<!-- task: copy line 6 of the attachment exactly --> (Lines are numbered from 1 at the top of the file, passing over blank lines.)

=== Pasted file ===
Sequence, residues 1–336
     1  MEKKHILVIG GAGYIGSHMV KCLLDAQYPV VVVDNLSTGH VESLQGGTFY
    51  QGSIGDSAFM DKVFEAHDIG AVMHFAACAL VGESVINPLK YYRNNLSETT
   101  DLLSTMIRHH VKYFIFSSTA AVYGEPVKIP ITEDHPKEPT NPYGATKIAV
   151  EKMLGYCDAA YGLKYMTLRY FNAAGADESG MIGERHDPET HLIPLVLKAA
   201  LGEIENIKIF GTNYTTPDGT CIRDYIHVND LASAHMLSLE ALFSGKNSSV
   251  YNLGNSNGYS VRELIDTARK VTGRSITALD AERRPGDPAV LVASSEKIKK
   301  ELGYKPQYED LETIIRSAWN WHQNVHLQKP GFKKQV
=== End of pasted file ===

   201  LGEIENIKIF GTNYTTPDGT CIRDYIHVND LASAHMLSLE ALFSGKNSSV